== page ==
VA Sending Suicide Hotline Callers to Unresponsive Voicemail

Cropped SingleCare logo By | May 18, 2016

Amid mounting allegations of institutional failure, the VA has reached a troubling new low — it appears that the department’s failures have again led directly to the deaths of those it was founded to protect.

When it becomes known that the number of calls to a veterans’ suicide prevention hotline has “increased dramatically” year over year, you might expect the people maintaining it to keep its best counselors ready and waiting on the other end of the line.

But that’s hasn’t been the case at the Department of Veteran’s Affairs. Callers to the dedicated VA Veteran’s Crisis Hotline have reported long hold times, dropped calls, and worst of all, transfers to a voicemail service that operators didn’t even know existed.

The VA, which has been under increasing scrutiny due to charges of corruption and downright incompetence, has been scrambling to respond after reports surfaced of the unattended hotline surfaced. With a reported 22 veterans committing suicide each day, the volume of calls, the VA was dealing with a staggering number of calls – 450,000 in 2014.

But instead of handling this problem of capacity internally, calls that the VA couldn’t handle were forwarded to outside contractors, which were often held to no operational standards, according to Military Times. Employees of these call centers were not properly trained to respond to the needs of the troubled veterans – the bombshell report on the service, conducted by the VA Inspector General, indicates that in many cases, the calls went straight to voicemail without return.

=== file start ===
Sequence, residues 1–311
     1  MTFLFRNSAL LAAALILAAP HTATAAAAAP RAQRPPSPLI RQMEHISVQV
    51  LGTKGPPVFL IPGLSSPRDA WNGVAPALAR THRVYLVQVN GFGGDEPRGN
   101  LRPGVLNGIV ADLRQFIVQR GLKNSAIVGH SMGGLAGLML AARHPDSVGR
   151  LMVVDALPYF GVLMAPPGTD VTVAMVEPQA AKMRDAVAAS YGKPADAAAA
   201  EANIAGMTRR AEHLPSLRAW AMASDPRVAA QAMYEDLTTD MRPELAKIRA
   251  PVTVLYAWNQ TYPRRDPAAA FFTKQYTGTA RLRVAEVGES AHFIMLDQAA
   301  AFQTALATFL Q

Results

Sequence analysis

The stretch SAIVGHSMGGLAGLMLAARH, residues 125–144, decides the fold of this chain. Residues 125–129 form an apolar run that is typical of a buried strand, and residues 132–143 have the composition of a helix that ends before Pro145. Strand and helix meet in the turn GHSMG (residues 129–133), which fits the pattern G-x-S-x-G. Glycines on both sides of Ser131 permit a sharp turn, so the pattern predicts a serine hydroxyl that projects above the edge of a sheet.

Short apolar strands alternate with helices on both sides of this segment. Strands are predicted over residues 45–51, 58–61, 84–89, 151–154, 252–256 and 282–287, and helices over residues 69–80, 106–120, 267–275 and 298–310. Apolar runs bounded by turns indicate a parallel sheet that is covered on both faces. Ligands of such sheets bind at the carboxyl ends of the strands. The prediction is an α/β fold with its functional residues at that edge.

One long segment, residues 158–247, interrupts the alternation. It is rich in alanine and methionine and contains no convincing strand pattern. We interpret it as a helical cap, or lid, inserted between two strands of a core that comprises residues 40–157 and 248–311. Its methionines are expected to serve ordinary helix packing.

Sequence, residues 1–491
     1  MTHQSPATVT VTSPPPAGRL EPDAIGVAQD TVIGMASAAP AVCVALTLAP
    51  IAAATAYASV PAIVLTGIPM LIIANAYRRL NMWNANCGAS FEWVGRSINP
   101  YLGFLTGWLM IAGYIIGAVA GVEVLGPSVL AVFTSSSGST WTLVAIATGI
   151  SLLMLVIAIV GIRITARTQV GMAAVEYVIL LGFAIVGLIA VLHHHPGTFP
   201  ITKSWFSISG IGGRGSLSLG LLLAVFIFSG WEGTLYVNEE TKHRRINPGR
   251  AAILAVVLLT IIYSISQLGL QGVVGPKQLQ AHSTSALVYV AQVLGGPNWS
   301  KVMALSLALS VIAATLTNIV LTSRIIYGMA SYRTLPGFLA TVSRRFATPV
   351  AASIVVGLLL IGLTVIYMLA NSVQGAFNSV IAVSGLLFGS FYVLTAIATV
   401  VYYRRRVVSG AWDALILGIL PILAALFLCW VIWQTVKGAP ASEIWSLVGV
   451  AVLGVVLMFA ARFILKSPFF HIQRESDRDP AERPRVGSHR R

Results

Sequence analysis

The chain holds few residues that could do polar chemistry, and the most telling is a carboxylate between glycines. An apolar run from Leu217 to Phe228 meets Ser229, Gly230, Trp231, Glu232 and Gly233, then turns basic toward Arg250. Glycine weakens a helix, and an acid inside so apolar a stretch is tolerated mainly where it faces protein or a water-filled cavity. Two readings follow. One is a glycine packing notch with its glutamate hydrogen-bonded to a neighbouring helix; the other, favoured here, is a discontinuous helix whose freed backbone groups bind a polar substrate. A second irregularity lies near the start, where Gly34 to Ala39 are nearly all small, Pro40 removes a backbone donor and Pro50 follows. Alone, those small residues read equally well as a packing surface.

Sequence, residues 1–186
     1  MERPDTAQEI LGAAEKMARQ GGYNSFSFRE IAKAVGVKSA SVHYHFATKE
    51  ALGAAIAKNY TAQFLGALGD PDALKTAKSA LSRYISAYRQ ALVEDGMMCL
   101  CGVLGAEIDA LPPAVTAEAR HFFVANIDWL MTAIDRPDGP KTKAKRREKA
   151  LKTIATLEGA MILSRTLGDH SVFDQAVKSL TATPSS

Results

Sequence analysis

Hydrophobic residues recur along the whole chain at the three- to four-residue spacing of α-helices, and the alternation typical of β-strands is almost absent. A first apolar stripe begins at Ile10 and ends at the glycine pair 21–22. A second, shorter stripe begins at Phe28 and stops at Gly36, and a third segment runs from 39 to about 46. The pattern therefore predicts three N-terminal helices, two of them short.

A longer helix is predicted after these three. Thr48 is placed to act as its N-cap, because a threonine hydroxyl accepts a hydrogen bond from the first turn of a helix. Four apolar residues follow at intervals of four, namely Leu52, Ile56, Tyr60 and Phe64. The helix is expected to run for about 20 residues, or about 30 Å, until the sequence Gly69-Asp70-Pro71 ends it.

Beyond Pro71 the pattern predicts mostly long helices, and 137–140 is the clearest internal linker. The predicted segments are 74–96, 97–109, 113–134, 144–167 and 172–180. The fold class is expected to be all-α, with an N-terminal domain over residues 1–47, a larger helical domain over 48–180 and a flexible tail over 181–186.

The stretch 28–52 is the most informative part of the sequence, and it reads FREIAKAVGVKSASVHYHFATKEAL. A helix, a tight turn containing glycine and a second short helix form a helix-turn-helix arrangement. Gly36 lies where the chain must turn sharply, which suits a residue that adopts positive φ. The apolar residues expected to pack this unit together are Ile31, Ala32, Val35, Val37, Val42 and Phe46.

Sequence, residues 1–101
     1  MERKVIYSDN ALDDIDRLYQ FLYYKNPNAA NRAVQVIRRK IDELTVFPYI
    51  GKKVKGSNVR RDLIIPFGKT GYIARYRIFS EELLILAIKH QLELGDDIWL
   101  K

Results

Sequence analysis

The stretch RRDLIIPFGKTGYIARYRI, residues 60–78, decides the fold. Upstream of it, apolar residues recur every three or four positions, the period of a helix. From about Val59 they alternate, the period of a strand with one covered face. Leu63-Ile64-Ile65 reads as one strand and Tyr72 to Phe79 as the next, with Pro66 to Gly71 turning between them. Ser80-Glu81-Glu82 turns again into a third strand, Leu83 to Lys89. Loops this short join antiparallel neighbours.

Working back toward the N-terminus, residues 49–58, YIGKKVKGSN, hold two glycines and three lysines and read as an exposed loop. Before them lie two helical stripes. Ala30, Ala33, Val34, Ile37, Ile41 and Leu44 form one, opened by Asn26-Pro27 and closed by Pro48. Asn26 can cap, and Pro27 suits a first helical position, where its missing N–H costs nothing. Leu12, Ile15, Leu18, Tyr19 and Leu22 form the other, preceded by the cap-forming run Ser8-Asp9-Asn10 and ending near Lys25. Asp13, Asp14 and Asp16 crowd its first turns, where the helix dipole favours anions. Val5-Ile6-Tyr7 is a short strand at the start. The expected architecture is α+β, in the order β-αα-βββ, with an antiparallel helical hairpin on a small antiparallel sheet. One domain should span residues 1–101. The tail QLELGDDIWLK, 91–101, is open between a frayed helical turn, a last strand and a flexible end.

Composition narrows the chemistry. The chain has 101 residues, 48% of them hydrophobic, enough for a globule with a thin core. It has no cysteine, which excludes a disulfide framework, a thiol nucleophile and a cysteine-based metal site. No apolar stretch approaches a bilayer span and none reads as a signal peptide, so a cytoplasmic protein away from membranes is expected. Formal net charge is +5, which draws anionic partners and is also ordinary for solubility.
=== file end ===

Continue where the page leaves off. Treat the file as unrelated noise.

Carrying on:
Veterans Picking up the Slack

War veteran with problems
[Thinkstock /KatarzynaBialasiewicz]
Special Forces veteran Johnny Primo knows that the psychological plight of former service people is a matter of life and death. Speaking to CBS News, Primo recounted his experience reading a suicide note written by a fellow vet, an experience that galvanized his own efforts to create a lifeline for his brothers-in-arms.

“I was 45 minutes too late from him taking his own life,” he said. “Immediately it was a gut-wrenching feeling, knowing that there was a chance that if he had my phone number he wouldn’t have killed himself.”     

Spurred by the incident, Primo and another veteran, Casey Gray, immediately created an Instagram account filled with suicide prevention messages and appeals to vets contemplating suicide to reach out and get help, even if that meant contacting them directly.

“Within the first three hours we saved one person,” said Primo. “Within the first 24 hours we saved five people, people who were on the verge of suicide.” Since then, the page has morphed into a larger movement, 22 Too Many, a nonprofit organization largely run by veterans to create a supportive community for those that need help.  

Getting Help

Soldier reunited with his daughter
While the VA has taken steps to address the problems with its hotline, assigning former head of the VA’s Health Resource Center and retired Air Force Major Matthew Eitutis to fix the system, there is little indication that the current status quo will change soon. Unfortunately, Eitutis’ record with agency phone systems is checkered at best: according to the USA Today, similar hotlines under his authority have had dropped call rates as high as one in every five.

Clearly, there’s a major need to provide support for our veterans’ mental health. While having a voice at the other end of an emergency phone line can be a lifesaver, that should be considered as a worst-case treatment scenario. Veterans need to have access to high quality mental healthcare to help to prevent the downward spiral that leads to crisis-level depression and suicidal thoughts.     

While the VA pulls itself together, other healthcare options are essential. For SingleCare members, mental healthcare services are available at a savings rate of up to 48%, no matter their level of insurance coverage. SingleCare also offers a telehealth service where members can speak to a psychologist or psychiatrist anywhere, anytime online or from a phone. With a wide network of counselors, psychologists, and psychiatrists to choose from, the service offers both affordability and plenty of choice for those in need.

While mental health is important for everyone, veterans are a particularly important and affected group — making sure they receive top-quality care should be a top priority.

[Main image credit: Thinkstock / david stuart]